University of Akron in Ohio recently implemented a new policy in which all students interested in living on-campus must go through a criminal background check.
Concern arose when UA assigned ex-felons, two older than 40, to live with students as young as 18. Age is obviously not taken as a factor when pairing roommates, but UA allows roommates to move out if there is more than a five year gap.
David Westrich a 39-year-old student and resident may be asked to move out because of a misdemeanor from eleven years ago. The school is now facing controversy because so many students feel their rights as paying students aren’t being respected.
Now, while I think that David Westrich is being treated unfairly, especially since the notices are being handed out now and not at the beginning of the school year, I am thinking that this is not the beginning of University of Akron’s mistakes.
Forget about constitutional rights and personal crimes being in the past, what on earth was the Residence Life and Housing thinking when they decided it was alright to match 18-year-old and 40-year-old students together as roommates?
No, but really. Can you imagine that first awkward conversation?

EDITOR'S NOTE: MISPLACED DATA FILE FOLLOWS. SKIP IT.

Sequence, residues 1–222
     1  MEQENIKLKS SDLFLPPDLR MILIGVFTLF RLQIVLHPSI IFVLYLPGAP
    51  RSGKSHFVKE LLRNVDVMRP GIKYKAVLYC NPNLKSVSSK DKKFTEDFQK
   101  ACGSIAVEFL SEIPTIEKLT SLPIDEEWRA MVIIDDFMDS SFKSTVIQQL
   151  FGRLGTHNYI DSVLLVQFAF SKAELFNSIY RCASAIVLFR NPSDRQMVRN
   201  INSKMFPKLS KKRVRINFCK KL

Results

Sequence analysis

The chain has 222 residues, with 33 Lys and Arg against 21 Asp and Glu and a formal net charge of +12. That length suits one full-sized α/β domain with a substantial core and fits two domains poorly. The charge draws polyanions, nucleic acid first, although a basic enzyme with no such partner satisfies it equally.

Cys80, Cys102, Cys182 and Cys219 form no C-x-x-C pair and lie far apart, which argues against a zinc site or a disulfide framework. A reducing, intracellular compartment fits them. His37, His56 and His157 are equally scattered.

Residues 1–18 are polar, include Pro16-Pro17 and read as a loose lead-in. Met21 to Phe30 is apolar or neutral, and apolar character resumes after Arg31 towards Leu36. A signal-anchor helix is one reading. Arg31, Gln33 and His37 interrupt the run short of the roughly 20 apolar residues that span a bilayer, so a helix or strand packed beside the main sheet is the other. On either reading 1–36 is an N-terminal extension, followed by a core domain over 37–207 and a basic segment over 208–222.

“So, where were you when Mt. St. Helen’s blew?”
“Um, actually, my dad was thirteen, so… I didn’t exist.”
If I wanted to live within ten feet of somebody who thought my skirt was too short and my music too loud, I would have lived at home.
Most incoming freshmen (myself included) look forward to getting away from elders, not being squished into an even closer proximity than I was the first 18 years of my life.
And then can you imagine finding out that your brand new roommate was serving time while you were learning how to use the “big girl potty,” and she wants you to call her Momma Martha, because “that’s what the ladies called me in the Big House.”
Not that I have anything against old(er) adults or adults who have been to jail going back to school to start or finish an education, but it’s ridiculous to think that a living situation like this would work out at all. If they split up their residents by age into separate dorms, they could reverse a lot of bad publicity, as well as save money (background screenings are expensive!).
University of Akron and any other school who uses this system, needs to step back and look at the bigger source of the problem.
On second thought, older roommates might come in handy when underage students are looking to buy alcohol… kidding, totally kidding.